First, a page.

For years we have harped upon this subject-we have shown that, as affairs are now, men have no adequate place at Harvard college where they can get at books of reference, so necessary to a diligent student, in the evening; we have shown that a reading room would be the saving of many an hour which is now wasted, and that, if men are to do thoroughly the work they come to college to do, such a place to study in must be provided. The college is proud of its library, even boasts of it, as is right; but with the present accommodations, the use of the latter is abridged to an extent which students alone can appreciate.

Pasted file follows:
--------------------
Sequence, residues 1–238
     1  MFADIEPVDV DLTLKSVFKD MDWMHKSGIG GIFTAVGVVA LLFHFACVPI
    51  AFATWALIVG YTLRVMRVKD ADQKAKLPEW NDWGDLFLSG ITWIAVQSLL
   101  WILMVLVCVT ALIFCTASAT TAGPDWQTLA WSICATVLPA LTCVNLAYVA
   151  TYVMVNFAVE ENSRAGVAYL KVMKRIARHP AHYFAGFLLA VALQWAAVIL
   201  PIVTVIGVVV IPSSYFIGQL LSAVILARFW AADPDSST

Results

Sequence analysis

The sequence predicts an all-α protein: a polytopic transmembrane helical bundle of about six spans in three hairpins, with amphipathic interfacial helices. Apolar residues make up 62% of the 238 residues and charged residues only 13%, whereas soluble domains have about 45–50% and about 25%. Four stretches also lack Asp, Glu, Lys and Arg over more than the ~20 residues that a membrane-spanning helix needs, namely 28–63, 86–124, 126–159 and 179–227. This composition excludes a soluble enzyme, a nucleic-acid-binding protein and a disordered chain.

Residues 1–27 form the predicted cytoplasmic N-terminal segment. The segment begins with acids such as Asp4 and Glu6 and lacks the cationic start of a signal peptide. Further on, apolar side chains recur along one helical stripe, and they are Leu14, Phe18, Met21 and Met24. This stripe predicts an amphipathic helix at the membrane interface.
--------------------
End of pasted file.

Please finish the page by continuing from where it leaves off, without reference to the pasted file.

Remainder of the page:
We heartily approve the work which the under-graduate committee has done, for it has been done so well that the interest now aroused cannot die out until the necessary amount of money has been obtained. The alumni, by their replies, show that their hearty co-operation can be relied on, but it cannot be expected, nor is it desirable, that the graduates should do any more than merely assist the undergraduates; it is a students' movement and must depend upon students for success. We must raise a large sum amongst ourselves, a sum large enough to show the earnestness of our purpose, and when this is done, then we may feel at liberty to ask the graduates to give us the rest. We beg each man to consider faithfully the urgency of the object in view, and when he is asked to contribute to this reading room fund, to give all that, conscientiously, he feels he can give.